Yeah, I’m a week late with the Valentine’s stuff. I’ll explain later. And, yes, I know what year it is. That’s why making a mixtape – not a playlist or, for god’s sake, a USB – is something I think you should do. Because it’s not easy. It’s not quick. There’s a hell of a lot more that goes into making a mixtape than would appear, especially in the 2020s. And that’s really the point. Love is like mining sometimes. It can be heartbreaking, soul crushing work. And it hurts. But it’s the only way to get diamonds. So you do it, not because it’s easy, but because they’re worth it. Just like diamonds. Click the pic, friends, and we’ll see if we can’t muddle through this together.
The heartbeat of my favorite band, the very essence of British cool and effortless gentility, is gone. I have been, as one does when faced with loss, reminiscing in private about what this man meant to me. And, if you’ll permit me the luxury of airing a little grief, it occurred to me that the best way I can express this is with the music he made. Or to be more precise, the music he refrained from making.
Listen to these songs. Appreciate them for their artistry, particularly Charlie’s percussion. Then listen again to those same songs and imagine those small, perfect drum details changed even slightly. It doesn’t work. None of it works half as well without Charlie. The heavy, omnipresent brushed cymbals in “Thief In The Night.” The quiet drum rolls before the snare hits in the beginning of “Can’t You Hear Me Knocking.” Those aren’t rock flourishes. A rock drummer wouldn’t have bothered with those. That’s jazz. And what’s so amazing about Charlie’s jazz is what he left out.
Listen to Charlie’s drums at the 40 second mark of “Gimme Shelter.” His job there is to bring the song into focus, to mark the transition from the intro to the meat of the song. I feel that most of the drummers I really admire – John Bonham, Neil Peart, and Tré Cool come to mind – would have crowded that space with a pounding drum fill. Not Charlie. Just three swings of his sticks – pop, pop, splash – and the entire song is changed, coalescing into one of the greatest rock recordings ever made.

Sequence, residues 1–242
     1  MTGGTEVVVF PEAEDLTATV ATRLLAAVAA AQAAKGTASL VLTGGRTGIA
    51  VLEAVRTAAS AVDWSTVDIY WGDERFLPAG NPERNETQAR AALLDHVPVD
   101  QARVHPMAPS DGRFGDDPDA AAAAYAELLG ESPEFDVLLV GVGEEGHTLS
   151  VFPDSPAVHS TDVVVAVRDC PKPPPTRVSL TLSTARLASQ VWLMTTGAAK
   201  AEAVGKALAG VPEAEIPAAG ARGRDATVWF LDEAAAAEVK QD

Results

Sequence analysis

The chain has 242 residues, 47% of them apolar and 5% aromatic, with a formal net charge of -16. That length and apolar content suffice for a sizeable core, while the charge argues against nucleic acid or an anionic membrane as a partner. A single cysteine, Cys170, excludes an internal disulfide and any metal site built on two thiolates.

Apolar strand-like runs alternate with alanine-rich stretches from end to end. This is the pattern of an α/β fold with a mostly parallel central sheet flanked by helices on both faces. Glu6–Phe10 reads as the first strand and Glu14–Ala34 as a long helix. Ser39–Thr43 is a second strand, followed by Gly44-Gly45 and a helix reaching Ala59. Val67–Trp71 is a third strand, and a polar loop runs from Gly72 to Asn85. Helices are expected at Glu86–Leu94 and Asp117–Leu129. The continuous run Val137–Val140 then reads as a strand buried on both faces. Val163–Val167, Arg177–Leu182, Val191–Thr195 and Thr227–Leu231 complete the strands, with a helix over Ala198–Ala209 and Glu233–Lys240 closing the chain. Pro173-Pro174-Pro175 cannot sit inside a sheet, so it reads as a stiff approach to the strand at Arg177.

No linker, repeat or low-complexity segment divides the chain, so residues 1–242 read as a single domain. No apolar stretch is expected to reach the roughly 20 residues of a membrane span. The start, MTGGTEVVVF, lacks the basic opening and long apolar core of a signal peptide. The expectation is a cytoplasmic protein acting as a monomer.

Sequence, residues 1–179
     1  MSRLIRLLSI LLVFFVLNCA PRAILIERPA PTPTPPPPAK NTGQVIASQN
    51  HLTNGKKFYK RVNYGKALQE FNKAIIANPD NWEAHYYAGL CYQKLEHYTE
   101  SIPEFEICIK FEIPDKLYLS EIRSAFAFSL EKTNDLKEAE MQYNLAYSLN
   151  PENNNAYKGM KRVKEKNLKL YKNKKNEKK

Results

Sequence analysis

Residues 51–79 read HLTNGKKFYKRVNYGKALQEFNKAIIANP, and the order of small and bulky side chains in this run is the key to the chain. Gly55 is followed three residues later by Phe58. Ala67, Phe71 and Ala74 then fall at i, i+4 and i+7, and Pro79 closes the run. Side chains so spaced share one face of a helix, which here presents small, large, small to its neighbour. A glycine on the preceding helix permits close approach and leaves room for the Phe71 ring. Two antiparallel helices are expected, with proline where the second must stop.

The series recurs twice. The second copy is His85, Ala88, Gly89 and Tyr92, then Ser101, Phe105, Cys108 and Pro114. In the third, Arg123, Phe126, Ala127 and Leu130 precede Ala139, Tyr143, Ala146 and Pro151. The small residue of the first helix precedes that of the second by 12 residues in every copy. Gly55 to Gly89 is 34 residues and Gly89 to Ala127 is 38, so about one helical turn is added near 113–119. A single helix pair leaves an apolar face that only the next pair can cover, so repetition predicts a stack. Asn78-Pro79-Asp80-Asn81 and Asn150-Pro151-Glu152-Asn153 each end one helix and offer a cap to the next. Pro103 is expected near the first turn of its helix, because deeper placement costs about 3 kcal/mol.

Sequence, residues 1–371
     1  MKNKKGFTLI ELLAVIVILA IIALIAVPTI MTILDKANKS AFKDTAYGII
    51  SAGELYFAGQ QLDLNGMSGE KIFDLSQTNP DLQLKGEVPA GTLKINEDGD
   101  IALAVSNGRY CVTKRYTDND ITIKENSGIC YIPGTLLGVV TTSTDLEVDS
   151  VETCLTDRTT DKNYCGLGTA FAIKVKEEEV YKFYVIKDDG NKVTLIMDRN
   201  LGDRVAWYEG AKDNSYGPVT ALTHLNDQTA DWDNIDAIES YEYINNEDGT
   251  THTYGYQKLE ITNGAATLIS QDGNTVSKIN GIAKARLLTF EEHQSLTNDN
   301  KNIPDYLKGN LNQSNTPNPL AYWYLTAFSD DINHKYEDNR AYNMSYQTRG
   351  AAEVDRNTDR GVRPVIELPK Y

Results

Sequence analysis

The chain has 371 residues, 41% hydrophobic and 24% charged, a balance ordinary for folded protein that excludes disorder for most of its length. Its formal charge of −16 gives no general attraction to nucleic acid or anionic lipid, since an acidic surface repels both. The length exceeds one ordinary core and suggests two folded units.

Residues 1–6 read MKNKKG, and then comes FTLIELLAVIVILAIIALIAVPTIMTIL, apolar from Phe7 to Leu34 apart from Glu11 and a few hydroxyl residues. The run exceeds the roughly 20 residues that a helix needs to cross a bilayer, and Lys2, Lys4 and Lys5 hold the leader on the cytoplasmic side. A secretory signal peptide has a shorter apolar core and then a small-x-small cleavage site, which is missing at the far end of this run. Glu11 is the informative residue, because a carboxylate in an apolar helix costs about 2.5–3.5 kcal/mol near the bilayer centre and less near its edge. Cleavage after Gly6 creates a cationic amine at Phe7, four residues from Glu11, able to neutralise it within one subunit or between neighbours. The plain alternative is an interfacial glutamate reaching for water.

Most of my favorite drummers approach the drums like heavy machine gunners. I’m not cutting them down; I absolutely love that kind of drumming. But Charlie played skins like a sniper. Everything in exactly the right place at precisely the right time. Efficient. Clean. Professional. Perfect.
Excerpt from Life by Keith Richards and James Fox, 2010
Back in 2015 I was listening to the Stones play “Thru And Thru,” and I left the following post on Facebook: “Keith may have written this, but at the 3:47 mark, Charlie fucking OWNS this song.” I’m going to leave you with that recording. And listening to it again now, marveling in his expertise, I’m reminded of something Keith Richards has said for decades. I don’t think I ever really understood it until now. But Keith was right. The rest of The Rolling Stones get a lot of hype and attention thrown their way.
“With Charlie, it was never about chops, it was about style. The Rolling Stones were smart enough to hire a jazz cat who would always put the roll in front of the rock, a guy who didn’t measure his worth by how many notes he played, whose ego was tempered by the primacy of his job: to put the song over, to make the band sound great. While others battled their drums, Charlie finessed his. He knew when to swing, he knew when to stomp. Charlie didn’t play drum solos, not because he wasn’t good enough to play them, but because he was good enough not to have to.”
Charles Robert Watts, 2 June 1941 – 24 August 2021